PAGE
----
Personalized medicine will change how health care is delivered and disease is prevented and treated. But first, how disease and health is defined, as well as the clinical development and adoption of new therapies must align with current theories of disease and treatment.
These points highlighted one of the many engaging panels of the 2017 Business of Personalized Medicine Summit recently held in San Francisco. Titled “Clinical Adoption of Personalized Medicine: Challenges and Solutions,” the panel delved into the barriers between pre-clinical and clinical adoption of biomarkers, companion diagnostics and targeted therapies in the pharmaceutical industry. In order to realize the promise of personalized medicine — delivering the right drug to the right person at the right time, in the right amount —three major, related hurdles must be overcome. Panelists, Nicholas Dracopoli, Vice President and Head of Oncology Biomarkers at Janssen Research & Development, Maurie Markman, MD, President of Medicine and Science at Cancer Treatment Centers of America and Gregory Frank, the former Director, Business Development at 23andMe suggested three different reforms to current paradigms of drug discovery and development to fully realize the promise of personalized medicine.
First, the industry must rethink the research-and-development stage of drug adoption, which is currently highly siloed, with each R&D budget focused on developing a blockbuster drug. Siloed priorities and drug development prevents cross-sharing of information that could both speed the process and lead to new discoveries. Dr. Nicholas Dracopoli of Janssen pointed to the clinical-trial stage as an example of where the industry could rethink the historical mindset. Currently, clinical trials are used to validate a drug’s efficacy, but industry should look at them as a way to discover new insights, he offered. Rather than running each trial in isolation, the data from each clinical trial should be collected in a single database, which could yield rich insights for every research project. And those trials should be used not just to confirm information we already have, but to unearth new insights that can lead to new discoveries.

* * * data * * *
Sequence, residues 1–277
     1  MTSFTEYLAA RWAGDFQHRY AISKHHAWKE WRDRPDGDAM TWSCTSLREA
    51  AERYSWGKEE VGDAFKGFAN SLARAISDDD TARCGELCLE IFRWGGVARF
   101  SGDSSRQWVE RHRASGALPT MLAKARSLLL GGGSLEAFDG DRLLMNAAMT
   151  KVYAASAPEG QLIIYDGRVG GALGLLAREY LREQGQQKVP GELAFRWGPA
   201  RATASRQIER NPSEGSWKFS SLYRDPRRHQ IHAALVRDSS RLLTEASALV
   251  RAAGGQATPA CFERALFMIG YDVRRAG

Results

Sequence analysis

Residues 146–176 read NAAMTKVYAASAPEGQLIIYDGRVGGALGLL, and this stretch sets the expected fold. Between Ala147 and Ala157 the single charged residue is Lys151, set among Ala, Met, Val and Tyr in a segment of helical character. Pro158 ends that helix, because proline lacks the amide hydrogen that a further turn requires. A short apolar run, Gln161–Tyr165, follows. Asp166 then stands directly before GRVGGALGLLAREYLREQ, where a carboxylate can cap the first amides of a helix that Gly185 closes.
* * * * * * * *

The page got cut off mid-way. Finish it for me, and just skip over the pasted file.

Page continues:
The second reform is updating the U.S. Food and Drug Administration’s (FDA) mandate and the way the agency reviews and approves drugs. While medical and pharmaceutical science has powered into the 21st century, the FDA’s mission and methods remain largely unchanged from the mid-20th century. The panelist content that it’s not the agency’s fault – good, smart people who work there just aren’t equipped to deal with the new ways of collecting, processing and analyzing data. As Dr. Maurie Markman noted, FDA still requires the same process for drug testing and data review from clinical trials as it did in the 1950s. The result is that biomarkers have to be identified at the start of a trial, rather than treated as an inherent part of every stage of the trial. And, he noted, FDA could make exponentially faster determinations by embracing the data analytics that the scientific community has been applying for years.
Speeding the trial and approval process would help deliver on the third critical step: bringing payers into the personalized medicine fold by providing a clear demonstration of its value proposition to the folks who decide whether to pay for it. The whole idea of personalized medicine is creating highly tailored treatments, which means smaller patient populations and high costs that tend to scare away payers. Much of the science behind personalized medicine has focused on showing efficacy. But we need to also demonstrate value to payers – pointing them toward clinical outcomes that both improve health and replace or reduce costs in the system.
None of this will be easy. But I believe it’s achievable – and it’s absolutely worth the effort. As Gregory Frank, the former Director, Business Development at 23andMe, said on the panel that day, there is much more science and technology – data science companies are raising lots of capital to collect massive amounts of data, to which they intend to apply machine learning.
We just need to take steps to pave the way for all that technology, so it results in a healthier, longer-living population.